“The most sophisticated ‘bromance’ to date”

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by Ishbel Beeson

It’s that time of year when cinema goers are spoilt for choice as the biggest names in the industry coax us in from the cold in an attempt to get a few trophies under their belts. The run up to awards season always means there is something worth leaving our central heating for and “The King’s Speech” is no exception.

Colin Firth already seems a dead cert to take home the Oscar for ‘Best Actor’, an award he was nominated for last year and would greatly deserve. He plays King George VI who suffers from a terrible stammer and who turns to a controversial speech therapist, Lionel Logue (Geoffrey Rush), for help as public speaking is a primary part of his job description. The audience comes to fear George’s every word seemingly as much as he does, and the film certainly lifts the lid on the psychological factors which cause someone to develop and maintain a speech impediment. The fact that he is the King to whom thousands of Brits looked for reassurance during WWII almost seems like a side story for character development: really this is the tale of one man, laid bare, battling his demons.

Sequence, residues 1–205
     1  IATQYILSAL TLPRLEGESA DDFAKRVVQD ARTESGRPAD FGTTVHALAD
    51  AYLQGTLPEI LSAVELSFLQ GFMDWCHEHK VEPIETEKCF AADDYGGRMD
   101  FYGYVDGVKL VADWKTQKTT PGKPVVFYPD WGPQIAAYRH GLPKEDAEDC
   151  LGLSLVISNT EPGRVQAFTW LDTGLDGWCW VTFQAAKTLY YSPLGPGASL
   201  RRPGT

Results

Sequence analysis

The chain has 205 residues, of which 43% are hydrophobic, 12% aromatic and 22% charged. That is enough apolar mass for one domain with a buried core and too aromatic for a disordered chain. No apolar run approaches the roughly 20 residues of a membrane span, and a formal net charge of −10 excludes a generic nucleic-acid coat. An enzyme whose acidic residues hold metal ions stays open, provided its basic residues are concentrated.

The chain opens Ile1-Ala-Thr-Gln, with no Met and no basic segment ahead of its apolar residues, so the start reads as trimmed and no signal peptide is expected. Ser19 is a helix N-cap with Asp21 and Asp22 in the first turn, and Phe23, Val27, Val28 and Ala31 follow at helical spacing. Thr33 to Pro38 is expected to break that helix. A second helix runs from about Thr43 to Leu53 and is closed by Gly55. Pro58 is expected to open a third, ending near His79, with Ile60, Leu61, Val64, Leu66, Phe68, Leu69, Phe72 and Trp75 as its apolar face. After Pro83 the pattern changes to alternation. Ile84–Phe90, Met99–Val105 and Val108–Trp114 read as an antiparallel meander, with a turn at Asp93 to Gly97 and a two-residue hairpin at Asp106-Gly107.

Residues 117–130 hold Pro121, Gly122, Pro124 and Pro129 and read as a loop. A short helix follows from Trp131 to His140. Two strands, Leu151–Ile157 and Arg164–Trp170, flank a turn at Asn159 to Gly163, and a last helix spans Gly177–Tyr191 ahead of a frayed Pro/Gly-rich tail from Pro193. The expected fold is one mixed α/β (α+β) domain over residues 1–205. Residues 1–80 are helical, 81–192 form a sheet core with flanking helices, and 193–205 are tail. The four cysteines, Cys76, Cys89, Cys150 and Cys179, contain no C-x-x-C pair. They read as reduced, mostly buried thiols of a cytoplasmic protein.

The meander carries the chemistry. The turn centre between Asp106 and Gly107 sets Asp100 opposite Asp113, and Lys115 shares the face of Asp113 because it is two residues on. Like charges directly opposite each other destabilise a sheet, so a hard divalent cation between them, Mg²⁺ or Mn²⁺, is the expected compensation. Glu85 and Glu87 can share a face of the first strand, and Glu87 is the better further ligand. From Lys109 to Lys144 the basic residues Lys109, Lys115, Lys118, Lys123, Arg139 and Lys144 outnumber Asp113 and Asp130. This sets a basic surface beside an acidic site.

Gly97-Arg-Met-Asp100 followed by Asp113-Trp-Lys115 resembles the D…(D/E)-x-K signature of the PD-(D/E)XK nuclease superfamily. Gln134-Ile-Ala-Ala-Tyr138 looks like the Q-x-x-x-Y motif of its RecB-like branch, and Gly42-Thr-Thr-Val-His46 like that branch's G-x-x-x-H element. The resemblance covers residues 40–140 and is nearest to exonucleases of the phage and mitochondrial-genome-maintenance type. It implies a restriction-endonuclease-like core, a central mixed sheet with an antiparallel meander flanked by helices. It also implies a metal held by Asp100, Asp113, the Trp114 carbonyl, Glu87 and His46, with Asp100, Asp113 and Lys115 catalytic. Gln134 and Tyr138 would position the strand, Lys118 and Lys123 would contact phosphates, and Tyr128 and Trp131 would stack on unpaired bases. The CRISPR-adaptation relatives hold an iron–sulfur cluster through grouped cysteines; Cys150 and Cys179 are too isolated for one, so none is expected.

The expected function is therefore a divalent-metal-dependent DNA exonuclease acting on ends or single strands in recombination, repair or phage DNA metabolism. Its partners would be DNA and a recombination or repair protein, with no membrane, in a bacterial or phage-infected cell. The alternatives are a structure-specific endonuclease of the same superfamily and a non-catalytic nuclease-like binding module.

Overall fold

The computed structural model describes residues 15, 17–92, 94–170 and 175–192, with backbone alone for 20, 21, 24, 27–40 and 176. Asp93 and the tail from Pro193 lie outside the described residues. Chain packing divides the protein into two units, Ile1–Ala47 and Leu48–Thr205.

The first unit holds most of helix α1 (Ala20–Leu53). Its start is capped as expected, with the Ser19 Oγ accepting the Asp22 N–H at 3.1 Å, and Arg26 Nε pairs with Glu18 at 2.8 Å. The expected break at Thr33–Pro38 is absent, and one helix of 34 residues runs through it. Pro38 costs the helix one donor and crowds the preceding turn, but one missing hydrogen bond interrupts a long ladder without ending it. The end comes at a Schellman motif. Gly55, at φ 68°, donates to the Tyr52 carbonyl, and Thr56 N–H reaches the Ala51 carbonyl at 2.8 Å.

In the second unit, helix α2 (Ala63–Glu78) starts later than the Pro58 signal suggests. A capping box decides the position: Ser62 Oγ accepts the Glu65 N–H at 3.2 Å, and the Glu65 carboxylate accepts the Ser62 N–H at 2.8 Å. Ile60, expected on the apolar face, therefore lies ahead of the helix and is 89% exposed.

The entire film is beautifully shot with fabulous costuming and is gripping and sentimental throughout. Helena Bonham Carter seemed a controversial choice to play Queen Elizabeth (who would then become the Queen Mother) and although she is more subdued than normal, she still carries an air of eccentricity adding a spark to the film which would be missed without her. Geoffrey Rush too provides many laughs and moments of tenderness as the King’s Australian speech therapist, transforming the film into the most sophisticated ‘bromance’ to date.

It seems apt that just months before the wedding of the century we are handed another film which portrays the Royal Family as normal and down to earth (much like “The Queen” did in 2006). But whether you are a Royalist or not, this is a good old fashioned British period drama, something which we do best, and which deserves to be successful once the ‘nominations are in’.

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